Sunday, August 20, 2006

Stéphane Aquin interviewed about Sound + Vision


[note: I made significant additions, and so I bumped this back up to the top]

Click here if you'd like to download the film [80MB Quicktime File]. Last Thursday, Scott and I went over to the Musée des beaux-arts to interview Stéphane Aquin, the contemporary art curator there, and the person most responsible for Sound + Vision. If you'd like to watch the film without downloading, click on the appropriate button below.

If you'd like to see the exhibit, it is up on the walls of the Montreal Museum of Fine Arts until October 22.

Then, if you would like more information, The Voir review, by he who shall remain nameless - goes for the kneejerk criticism of not enough Quebecois artists, and then shows how incompetent he is as a tourist, since he admits that 'sometimes he can't find contemporary art when he travels.' (My best guess is he thinks the MOMA is a 'contemporary' art museum - it ain't.)

The La Presse review, by he who alternates between being offensive and not admiting to making mistakes. Ignoring for the moment, the personal differences between what he likes and what I can't stand - the one piece that I find absolutely horrible, he adores. He states that the only artist missing is Janet Cardiff, except that he doesn't realize that the AGO only has one Cardiff piece that is extremely large and extremely fragile, and the two pieces that the National Gallery owns are even larger, and more fragile, or in other words they don't travel. He also forgets about Tom Dean, Jana Sterbak, Nelson Henricks, and Jan Peacock, all of whom have work that is collected by the three museums that is not fragile.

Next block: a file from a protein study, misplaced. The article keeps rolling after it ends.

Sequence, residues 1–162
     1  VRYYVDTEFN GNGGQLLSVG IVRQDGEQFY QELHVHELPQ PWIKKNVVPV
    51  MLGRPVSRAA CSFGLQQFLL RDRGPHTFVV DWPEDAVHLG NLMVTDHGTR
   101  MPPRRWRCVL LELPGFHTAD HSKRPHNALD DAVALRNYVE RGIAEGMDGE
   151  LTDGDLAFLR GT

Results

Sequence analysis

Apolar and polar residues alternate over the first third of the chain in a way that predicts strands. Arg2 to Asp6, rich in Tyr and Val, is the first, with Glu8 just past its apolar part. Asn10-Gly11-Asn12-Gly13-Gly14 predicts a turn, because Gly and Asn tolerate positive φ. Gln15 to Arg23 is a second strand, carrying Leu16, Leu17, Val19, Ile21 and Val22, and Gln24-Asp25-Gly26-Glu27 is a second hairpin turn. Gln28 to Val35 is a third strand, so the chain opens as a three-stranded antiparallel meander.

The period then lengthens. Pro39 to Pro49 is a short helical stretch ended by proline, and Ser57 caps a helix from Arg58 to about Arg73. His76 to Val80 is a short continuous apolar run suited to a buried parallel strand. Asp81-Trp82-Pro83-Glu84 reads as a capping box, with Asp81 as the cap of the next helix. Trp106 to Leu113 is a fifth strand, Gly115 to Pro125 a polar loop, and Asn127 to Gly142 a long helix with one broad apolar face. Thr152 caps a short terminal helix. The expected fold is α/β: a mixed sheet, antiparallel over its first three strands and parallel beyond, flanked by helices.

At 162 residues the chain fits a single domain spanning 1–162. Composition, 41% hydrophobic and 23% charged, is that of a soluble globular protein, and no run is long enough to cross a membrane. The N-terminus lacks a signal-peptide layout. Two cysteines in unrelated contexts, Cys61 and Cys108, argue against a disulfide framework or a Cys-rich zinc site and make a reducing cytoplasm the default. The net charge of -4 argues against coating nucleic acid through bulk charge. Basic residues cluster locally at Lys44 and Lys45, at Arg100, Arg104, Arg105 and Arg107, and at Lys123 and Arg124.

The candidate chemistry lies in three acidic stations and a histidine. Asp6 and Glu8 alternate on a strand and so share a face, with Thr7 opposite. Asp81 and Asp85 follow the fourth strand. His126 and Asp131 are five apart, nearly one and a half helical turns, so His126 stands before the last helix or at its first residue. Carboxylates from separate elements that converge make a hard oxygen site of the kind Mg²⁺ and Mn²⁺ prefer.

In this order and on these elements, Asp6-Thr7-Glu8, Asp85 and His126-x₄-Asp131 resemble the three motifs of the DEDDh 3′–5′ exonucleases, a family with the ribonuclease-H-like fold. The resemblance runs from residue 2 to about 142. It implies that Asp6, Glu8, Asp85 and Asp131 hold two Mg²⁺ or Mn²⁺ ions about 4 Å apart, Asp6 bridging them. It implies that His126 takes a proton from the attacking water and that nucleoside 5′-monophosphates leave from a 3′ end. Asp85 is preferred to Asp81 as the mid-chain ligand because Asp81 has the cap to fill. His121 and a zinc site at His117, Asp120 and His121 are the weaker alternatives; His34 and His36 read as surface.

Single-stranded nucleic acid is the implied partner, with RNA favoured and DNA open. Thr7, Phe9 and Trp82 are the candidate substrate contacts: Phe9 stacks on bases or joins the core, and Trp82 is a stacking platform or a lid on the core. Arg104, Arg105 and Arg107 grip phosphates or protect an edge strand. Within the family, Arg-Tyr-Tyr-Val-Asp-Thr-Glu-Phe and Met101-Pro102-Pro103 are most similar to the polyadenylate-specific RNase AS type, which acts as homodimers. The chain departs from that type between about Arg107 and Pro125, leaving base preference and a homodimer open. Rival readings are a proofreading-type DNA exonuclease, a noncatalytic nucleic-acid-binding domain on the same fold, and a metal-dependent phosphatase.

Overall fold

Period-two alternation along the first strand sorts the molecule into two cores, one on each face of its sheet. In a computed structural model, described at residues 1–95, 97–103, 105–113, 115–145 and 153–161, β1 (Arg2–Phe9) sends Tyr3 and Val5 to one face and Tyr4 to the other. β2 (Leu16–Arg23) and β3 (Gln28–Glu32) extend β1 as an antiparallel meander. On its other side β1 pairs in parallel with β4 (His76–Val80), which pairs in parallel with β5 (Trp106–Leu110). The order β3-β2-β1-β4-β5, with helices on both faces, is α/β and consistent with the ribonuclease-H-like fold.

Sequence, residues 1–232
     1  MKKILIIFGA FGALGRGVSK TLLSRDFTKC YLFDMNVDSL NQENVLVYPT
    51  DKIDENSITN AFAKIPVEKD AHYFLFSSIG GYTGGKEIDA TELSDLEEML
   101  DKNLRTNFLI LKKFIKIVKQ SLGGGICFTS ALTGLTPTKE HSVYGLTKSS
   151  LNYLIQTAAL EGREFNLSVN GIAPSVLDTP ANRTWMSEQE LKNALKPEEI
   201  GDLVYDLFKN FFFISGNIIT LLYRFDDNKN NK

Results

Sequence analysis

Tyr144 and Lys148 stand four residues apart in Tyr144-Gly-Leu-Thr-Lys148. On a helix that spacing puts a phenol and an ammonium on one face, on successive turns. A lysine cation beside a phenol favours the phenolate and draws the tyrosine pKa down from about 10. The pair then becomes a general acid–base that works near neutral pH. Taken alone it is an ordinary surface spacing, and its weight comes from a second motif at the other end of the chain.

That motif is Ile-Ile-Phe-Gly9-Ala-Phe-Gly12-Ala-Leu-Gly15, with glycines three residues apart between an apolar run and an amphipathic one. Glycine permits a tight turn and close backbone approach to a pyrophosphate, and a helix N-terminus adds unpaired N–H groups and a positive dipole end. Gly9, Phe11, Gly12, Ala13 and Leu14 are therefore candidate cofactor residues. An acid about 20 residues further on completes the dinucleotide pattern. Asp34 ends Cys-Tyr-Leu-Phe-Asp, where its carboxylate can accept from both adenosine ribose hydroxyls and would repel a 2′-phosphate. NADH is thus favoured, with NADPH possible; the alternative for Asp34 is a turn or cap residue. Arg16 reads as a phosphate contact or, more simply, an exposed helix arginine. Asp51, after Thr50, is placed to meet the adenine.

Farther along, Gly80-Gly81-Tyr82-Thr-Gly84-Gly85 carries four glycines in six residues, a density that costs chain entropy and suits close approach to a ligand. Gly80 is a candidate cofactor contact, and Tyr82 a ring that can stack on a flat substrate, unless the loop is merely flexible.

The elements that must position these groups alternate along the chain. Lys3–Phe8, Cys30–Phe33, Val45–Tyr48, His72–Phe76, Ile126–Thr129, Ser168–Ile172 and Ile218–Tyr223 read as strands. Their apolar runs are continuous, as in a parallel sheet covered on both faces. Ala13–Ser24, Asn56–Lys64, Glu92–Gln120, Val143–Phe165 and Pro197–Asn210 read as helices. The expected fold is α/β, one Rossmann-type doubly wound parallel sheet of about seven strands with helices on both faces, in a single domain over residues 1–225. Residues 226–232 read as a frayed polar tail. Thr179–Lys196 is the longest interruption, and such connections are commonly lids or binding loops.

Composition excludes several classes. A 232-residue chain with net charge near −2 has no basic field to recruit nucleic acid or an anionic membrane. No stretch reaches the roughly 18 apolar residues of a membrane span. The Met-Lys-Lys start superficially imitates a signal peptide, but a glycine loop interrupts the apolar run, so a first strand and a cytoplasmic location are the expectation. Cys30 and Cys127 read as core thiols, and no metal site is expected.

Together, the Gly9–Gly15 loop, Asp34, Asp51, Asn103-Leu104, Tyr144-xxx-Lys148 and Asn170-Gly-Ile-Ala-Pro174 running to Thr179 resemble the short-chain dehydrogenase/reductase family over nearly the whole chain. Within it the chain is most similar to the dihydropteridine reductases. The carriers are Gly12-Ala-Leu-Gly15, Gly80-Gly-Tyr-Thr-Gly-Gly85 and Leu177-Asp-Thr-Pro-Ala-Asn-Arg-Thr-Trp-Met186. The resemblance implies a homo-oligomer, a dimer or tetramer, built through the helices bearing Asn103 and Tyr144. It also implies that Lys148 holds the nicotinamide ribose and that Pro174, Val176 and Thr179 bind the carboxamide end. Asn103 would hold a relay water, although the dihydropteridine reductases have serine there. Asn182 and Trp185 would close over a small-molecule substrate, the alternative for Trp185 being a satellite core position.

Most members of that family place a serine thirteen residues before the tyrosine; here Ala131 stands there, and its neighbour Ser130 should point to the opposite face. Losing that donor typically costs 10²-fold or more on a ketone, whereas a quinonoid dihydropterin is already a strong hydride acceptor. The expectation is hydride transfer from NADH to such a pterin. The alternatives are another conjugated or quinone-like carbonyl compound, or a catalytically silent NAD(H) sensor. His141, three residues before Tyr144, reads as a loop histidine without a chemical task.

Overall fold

The Gazette review by Henry Lehmann, a reasonable review, except he lets the MBAM off the hook, with regards to artists from the Maritimes, because he did not realize that three quarters of the exhibit comes from the National Gallery, And he mistakes the sand (ie 'sands of time') in Rheinmetal/Victoria 8 as snow.

And the Le Devoir review by Stéphane Baillargeon, where he too, for the most part gets it right (for some reason he thinks the Kevin Schmidt piece is good as well, and uses it as the foundation for his review).

[note to Jennifer McMackon, I would consider this post more like a lambast.]

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